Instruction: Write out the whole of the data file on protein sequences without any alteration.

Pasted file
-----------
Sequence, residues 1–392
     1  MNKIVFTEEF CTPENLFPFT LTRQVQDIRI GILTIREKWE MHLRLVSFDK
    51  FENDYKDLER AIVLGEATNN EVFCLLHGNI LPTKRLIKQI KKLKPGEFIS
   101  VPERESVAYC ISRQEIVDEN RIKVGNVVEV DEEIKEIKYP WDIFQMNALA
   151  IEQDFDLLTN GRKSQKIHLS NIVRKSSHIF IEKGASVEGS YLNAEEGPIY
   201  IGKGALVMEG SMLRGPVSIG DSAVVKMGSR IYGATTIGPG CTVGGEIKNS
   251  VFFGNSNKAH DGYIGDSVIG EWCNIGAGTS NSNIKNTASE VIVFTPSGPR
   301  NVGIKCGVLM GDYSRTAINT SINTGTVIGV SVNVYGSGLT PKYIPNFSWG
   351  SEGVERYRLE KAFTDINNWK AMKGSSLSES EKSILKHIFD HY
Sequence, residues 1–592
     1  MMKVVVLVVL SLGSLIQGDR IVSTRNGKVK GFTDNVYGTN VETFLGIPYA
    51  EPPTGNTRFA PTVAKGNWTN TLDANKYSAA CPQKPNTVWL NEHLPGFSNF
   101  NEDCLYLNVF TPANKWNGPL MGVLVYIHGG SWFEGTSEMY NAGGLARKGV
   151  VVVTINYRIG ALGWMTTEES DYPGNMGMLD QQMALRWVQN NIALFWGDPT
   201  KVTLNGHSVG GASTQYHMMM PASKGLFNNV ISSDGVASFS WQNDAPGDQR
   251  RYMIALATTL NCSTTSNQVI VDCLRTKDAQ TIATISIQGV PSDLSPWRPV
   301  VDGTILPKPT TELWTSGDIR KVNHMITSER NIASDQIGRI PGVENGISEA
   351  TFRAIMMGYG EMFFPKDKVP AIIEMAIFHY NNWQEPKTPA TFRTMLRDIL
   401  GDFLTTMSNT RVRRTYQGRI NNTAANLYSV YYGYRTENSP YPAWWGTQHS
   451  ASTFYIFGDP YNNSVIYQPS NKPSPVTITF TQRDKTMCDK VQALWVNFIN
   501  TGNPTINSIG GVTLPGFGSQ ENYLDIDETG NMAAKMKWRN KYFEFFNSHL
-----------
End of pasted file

Sequence, residues 1–392
     1  MNKIVFTEEF CTPENLFPFT LTRQVQDIRI GILTIREKWE MHLRLVSFDK
    51  FENDYKDLER AIVLGEATNN EVFCLLHGNI LPTKRLIKQI KKLKPGEFIS
   101  VPERESVAYC ISRQEIVDEN RIKVGNVVEV DEEIKEIKYP WDIFQMNALA
   151  IEQDFDLLTN GRKSQKIHLS NIVRKSSHIF IEKGASVEGS YLNAEEGPIY
   201  IGKGALVMEG SMLRGPVSIG DSAVVKMGSR IYGATTIGPG CTVGGEIKNS
   251  VFFGNSNKAH DGYIGDSVIG EWCNIGAGTS NSNIKNTASE VIVFTPSGPR
   301  NVGIKCGVLM GDYSRTAINT SINTGTVIGV SVNVYGSGLT PKYIPNFSWG
   351  SEGVERYRLE KAFTDINNWK AMKGSSLSES EKSILKHIFD HY
Sequence, residues 1–592
     1  MMKVVVLVVL SLGSLIQGDR IVSTRNGKVK GFTDNVYGTN VETFLGIPYA
    51  EPPTGNTRFA PTVAKGNWTN TLDANKYSAA CPQKPNTVWL NEHLPGFSNF
   101  NEDCLYLNVF TPANKWNGPL MGVLVYIHGG SWFEGTSEMY NAGGLARKGV
   151  VVVTINYRIG ALGWMTTEES DYPGNMGMLD QQMALRWVQN NIALFWGDPT
   201  KVTLNGHSVG GASTQYHMMM PASKGLFNNV ISSDGVASFS WQNDAPGDQR
   251  RYMIALATTL NCSTTSNQVI VDCLRTKDAQ TIATISIQGV PSDLSPWRPV
   301  VDGTILPKPT TELWTSGDIR KVNHMITSER NIASDQIGRI PGVENGISEA
   351  TFRAIMMGYG EMFFPKDKVP AIIEMAIFHY NNWQEPKTPA TFRTMLRDIL
   401  GDFLTTMSNT RVRRTYQGRI NNTAANLYSV YYGYRTENSP YPAWWGTQHS
   451  ASTFYIFGDP YNNSVIYQPS NKPSPVTITF TQRDKTMCDK VQALWVNFIN
   501  TGNPTINSIG GVTLPGFGSQ ENYLDIDETG NMAAKMKWRN KYFEFFNSHL